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How to... Sell Your Work

We offer some suggestions on how to present your image for sale. These are based partly on the "norms" of framing, and partly on our experience of wholesaling art cards and other images to the retailer.

Selling your Art or Photography
in the Retail Marketplace

Suggestions on Matting and picture framing for retail sale

We offer some suggestions on how to present your image for sale. These are based partly on the "norms" of framing, and partly on our experience of wholesaling art cards and other images to the retailer.

  • Double matting: Usually adds to the richness of the presentation, but also doubles the cost. A "safe" bet is to use a neutral outer mat and match the inner mat color to a dominant color in the image. Example: Lots of dark green trees, use a dark green inner.
  • Decorative cuts: The most common is a "closed" V-groove. This certainly adds to the presentation, and is very common in galleries for higher end matting. Should only be considered for 11 x 14 or larger mats, and is best used for higher end prints. Decorative corners may be effective in certain instances but should be used sparingly.
  • Regular mat or Conservation quality: Conservation quality will cost more than twice as much. Use it when your image is an original, a limited edition, or any highly valued product. Regular mat keeps your cost to a minimum and is the product normally used for product which does not have a high monetary value.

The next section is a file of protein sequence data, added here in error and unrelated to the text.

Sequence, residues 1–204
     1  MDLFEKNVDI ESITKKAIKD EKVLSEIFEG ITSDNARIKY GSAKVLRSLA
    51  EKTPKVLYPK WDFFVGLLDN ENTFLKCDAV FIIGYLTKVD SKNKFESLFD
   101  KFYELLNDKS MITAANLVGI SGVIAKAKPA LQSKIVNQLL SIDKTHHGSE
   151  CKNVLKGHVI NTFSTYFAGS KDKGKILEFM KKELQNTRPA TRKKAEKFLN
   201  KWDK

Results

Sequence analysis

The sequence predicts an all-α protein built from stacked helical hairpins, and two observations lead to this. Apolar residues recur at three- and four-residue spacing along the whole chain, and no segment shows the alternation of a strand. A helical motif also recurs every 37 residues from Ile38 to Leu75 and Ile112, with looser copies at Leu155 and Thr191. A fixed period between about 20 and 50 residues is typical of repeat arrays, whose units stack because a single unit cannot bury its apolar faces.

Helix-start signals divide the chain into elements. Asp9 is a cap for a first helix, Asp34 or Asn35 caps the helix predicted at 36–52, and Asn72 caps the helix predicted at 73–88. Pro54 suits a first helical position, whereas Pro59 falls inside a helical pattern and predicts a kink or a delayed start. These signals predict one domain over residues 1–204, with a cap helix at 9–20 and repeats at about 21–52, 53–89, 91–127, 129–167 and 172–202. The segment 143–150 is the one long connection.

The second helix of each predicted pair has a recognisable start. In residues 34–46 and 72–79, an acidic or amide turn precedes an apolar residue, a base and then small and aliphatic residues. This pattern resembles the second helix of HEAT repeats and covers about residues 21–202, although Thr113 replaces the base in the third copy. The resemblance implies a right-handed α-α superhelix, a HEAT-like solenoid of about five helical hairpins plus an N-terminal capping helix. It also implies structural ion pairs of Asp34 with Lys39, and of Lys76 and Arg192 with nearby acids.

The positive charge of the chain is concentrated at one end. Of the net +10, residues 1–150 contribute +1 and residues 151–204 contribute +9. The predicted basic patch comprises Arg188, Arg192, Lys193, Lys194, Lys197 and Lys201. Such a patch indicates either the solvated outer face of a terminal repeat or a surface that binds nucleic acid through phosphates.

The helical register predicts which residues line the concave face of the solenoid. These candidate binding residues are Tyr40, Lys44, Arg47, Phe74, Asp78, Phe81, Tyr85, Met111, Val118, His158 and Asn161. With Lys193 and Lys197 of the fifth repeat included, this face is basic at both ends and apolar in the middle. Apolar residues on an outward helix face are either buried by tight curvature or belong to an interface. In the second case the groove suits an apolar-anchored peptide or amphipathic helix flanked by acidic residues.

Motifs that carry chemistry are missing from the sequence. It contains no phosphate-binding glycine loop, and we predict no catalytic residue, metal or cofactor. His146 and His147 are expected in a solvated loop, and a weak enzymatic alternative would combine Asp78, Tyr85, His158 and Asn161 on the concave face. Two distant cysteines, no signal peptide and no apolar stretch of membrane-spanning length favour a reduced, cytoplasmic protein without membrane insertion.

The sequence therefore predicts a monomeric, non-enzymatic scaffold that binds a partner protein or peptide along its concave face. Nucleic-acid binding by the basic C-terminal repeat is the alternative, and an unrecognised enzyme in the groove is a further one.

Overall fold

• Backings: For regular matboard, use manila board, white one side cardboard, or regular foamcore. We strongly recommend manila board for mats 11 x 14 or smaller, and regular foam core for larger than 11 x 14 mats. For Conservation quality mat you must use an acid-free backing, such as acid-free foamcore or acid-free mat board. This is to maintain the conservation package. Note: An acid-free tape is also required.
  • Packaging: Polybags with re-sealable flaps are manufactured for this express purpose. They present the package of mat, image and backing in a very attractive manner that allows re-use of the bag. Shrinkwrapping also works, but requires equipment. It is also time consuming and finicky.
  • Assembly: Tape the image to the back of the mat, but only on one of the long sides. This allows the image to "breath" under differing atmospheric conditions. Photo corners can also be used, and usually come acid-free. They do take a little more time to assemble. For regular matboard, any "scotch" tape will do, we use clear magic tape. Remember to use acid-free tape for conservation mat board.
  • How much should you charge for the product? A general rule of thumb is to add the cost of your mat, image, bag and backing together, add some for labor and multiply 2 to get a ballpark figure. If you are entering a show, add some costs for this. If you sell through a retailer, the "norm" is for them to double whatever you charge them to get the minimum retail price.



 
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